ERA Championship completed the first public rollout of its Mitsu-Bachi F110e at Circuit Zolder on Monday ahead of the series launch later this year.
The junior electric single-seater series, developed by Belgian company The Driving Force, was announced in March last year ahead of the car’s initial reveal in June.
With a focus on affordability and accessibility, the series will stage its first races this summer, with a four-event calendar likely taking place in September and October on tracks in Belgium, the Netherlands and the UK.
ProSpeed Competition team principal Rudi Penders completed three demo laps in the Japanese-Belgian car in damp conditions at Zolder on Monday afternoon.
ProSpeed is part of series organizer The Driving Force, which also runs the Porsche Carrera Cup Benelux from its base near Zolder.
ERA’s technical and business director Dieter Vanswijgenhoven says the demo, which was attended by a number of prospective teams, motorsport figures and media, shows the series is “open for business”.
“We’re super excited that so many people turned up and everyone seems excited,” he told e-racing365.
“The weather wasn’t with us today, there was sunshine but it was a wet track, but the car was perfect and the driver is really happy with it.
“We’re very excited and we’re open for business. People can now see how serious it is, so if anybody had any doubts, I think we very effectively got rid of those.
“We’re ready for the next step and that’s obviously to get the championship rolling. Exciting times.”
The development car that ran on Monday is almost identical to the production version but uses a chain-driven design rather than direct-drive, for ease of accessibility.
“It is chain-driven because if you want to change something, you change a sprocket, whereas with a whole box you redesign the box, which doesn’t make sense,” Vanswijgenhoven explained.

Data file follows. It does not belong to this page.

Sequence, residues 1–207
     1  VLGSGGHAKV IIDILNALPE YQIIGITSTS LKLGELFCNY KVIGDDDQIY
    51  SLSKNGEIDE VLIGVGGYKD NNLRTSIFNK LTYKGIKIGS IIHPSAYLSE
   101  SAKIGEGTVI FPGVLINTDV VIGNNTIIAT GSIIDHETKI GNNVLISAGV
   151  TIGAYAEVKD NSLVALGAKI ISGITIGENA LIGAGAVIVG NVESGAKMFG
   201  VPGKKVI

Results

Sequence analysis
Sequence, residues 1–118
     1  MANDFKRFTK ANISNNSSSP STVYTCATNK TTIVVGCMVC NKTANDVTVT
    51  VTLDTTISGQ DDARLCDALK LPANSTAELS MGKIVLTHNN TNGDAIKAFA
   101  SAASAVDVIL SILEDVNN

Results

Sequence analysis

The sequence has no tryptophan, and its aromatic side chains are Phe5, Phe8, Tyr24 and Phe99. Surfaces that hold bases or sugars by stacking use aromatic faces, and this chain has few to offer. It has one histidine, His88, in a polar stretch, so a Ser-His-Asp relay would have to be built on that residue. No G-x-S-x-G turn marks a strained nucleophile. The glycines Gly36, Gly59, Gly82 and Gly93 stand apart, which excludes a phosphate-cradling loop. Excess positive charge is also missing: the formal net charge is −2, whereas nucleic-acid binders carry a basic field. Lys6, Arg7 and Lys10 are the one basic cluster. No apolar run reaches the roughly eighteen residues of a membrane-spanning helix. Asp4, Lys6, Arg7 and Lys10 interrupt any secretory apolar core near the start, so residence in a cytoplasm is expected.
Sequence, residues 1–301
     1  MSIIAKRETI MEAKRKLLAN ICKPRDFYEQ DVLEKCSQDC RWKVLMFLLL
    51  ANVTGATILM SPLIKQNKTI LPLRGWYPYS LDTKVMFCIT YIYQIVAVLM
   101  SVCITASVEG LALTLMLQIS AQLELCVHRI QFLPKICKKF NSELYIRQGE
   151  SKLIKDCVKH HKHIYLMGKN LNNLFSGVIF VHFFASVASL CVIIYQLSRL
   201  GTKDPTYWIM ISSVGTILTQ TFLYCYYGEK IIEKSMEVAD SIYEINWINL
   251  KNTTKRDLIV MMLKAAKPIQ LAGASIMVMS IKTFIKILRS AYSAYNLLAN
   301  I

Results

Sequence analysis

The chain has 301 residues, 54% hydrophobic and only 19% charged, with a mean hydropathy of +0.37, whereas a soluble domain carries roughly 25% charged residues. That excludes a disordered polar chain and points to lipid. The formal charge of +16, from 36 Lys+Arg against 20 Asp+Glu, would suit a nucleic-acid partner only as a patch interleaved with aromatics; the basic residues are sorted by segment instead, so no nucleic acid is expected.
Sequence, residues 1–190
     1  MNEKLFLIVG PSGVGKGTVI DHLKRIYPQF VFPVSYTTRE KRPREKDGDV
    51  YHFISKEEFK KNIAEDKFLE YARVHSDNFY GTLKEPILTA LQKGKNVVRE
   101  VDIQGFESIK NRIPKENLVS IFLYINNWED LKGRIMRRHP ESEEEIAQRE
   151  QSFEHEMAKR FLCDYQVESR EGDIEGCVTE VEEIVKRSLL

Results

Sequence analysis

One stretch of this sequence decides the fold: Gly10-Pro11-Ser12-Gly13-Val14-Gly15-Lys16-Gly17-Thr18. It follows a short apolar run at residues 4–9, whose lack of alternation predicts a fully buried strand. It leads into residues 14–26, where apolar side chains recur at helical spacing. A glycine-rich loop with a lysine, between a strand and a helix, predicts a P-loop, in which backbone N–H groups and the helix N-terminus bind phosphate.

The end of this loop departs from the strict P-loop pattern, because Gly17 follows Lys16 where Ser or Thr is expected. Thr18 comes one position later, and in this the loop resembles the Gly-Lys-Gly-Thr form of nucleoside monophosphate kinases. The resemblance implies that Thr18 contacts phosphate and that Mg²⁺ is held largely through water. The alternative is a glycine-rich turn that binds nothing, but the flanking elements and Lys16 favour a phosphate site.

“We’re going to have a direct drive, just one gear, connecting the motor to the driveshaft. That is 99 percent ready. It really is just a case of starting production at this point.
“We were very eager to show people it’s driving and we know what we’re doing and to get rid of any doubts that are there. If there’s a car, there’s a car. You can’t argue with that!”
The car is based on the Dome F110 Formula 4 chassis, and Dome’s F110 project manager Yoshi Arimatsu was also in attendance at the event.
Interest From Variety of Teams
The series has already received considerable interest from a number of teams from a variety of categories, fitting in with its aim of attracting competitors from both single-seater and electric backgrounds.
Grid sizes are capped at 24 cars due to production constraints.
“We’ve got Formula 2 teams that are interested, Formula 3, Formula 4, LMP2, GT teams, all over the place,” Vanswijgenhoven said.
“The most interesting mindset that I’ve found is from GT teams. They look at this and go, ‘Right, I don’t have to step into something where there are 20, 30, 40, 50 different teams already doing it all over the world’, as you have in Formula 4, for example.
“This is something new and everybody starts from the same level, so if you’re not into single-seater racing yet, this is the time and the moment to get involved with it.
“If you like electric or not, it’s still something new.”